Why is it so easy to go into debt and so hard to get out of it? I think for modern generations, there has been a culture of taking debt too lightly. Fortunately, for some of us, that culture is changing toward one of getting rid of debt or not getting into it in the first place. Meanwhile, there is still a more corporate culture that encourages debt, and it is one, as individuals, that we have to fight against in order to be solvent and live a good life.
Being offered a loan, whether it is a home mortgage, a car loan, a student loan or a credit card can be a powerful thing. Suddenly we have the opportunity to afford things that we couldn’t before. Oftentimes we take out too large a loan, more than we need or can support. Witness the housing crisis and adjustable rate mortgages, or students who took out loans to cover more than their basic college expenses and who can now not pay them back.
Credit cards often seem like “free money.” There have been numerous studies that show that consumers spend more when they use credit cards over cash. The debt that accrues on a credit card doesn’t seem to be real. In most cases, it is taken very lightly. Interestingly enough most of us start getting into debt in college, for the two above reasons–the student loans and the college credit cards. Credit card companies love to target college students. After college, we continue to rack up debt until it we become overwhelmed with it.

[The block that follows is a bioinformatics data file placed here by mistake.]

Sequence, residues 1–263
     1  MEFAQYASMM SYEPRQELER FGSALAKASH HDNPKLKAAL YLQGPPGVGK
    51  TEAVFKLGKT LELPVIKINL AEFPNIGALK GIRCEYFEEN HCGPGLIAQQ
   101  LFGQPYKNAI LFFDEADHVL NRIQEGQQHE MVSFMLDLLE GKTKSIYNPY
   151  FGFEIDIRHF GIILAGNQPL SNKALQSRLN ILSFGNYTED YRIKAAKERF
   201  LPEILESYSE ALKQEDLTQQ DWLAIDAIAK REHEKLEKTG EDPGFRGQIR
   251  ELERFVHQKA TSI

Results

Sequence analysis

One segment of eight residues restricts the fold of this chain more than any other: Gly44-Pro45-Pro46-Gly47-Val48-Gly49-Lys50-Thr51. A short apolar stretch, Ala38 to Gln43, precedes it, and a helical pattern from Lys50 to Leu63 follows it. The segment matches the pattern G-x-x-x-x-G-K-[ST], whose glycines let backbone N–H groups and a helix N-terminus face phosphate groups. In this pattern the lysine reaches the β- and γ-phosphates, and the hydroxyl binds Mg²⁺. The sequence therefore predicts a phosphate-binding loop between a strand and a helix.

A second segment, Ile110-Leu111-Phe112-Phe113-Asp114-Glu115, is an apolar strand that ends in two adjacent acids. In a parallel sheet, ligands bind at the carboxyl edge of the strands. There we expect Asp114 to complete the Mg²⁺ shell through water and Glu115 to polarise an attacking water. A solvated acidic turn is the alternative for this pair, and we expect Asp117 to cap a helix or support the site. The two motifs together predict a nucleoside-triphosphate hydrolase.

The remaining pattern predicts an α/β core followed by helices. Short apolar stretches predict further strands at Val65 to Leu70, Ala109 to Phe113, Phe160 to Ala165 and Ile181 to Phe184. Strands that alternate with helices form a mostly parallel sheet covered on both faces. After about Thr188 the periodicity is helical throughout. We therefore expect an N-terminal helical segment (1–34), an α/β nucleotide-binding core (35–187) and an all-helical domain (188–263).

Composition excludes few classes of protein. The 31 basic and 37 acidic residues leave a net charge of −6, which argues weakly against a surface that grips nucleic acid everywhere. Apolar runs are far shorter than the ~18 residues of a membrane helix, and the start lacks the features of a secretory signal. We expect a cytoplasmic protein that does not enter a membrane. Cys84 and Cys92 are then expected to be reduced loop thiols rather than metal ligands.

Dave Ramsey, financial guru, says that debt “has become normal. “It is sold so aggressively that many have come to believe it’s a financial tool. It’s not.”
It is time to start seeing debt as the serious situation that it is and doing everything that we can to first stop adding more debt and then eliminating the debt that we have. It isn’t that easy to do, because it does require a culture shift, a belief shift, an attitude shift. It has become hard to realize that it is okay not to buy into everything that is offered to us.
Ramsey recommends that we make some drastic changes in order to get out of debt, such as downsizing and eliminating extra expenses that aren’t necessary. He then suggests seven “baby steps” that we should take:
Save $1,000 as an emergency fund ($500 if you are on a low income)
Use the debt snowball plan (start by paying off the smallest debt)
Save enough money for 3-6 months of expenses
Invest 15 percent of household income into a Roth IRA and pre-tax retirement accounts
Pay into a college fund for (future) children
Pay off mortgage loan early
Build wealth and give back to others.
As each step is completely, confidence should be gained and debt taken more seriously.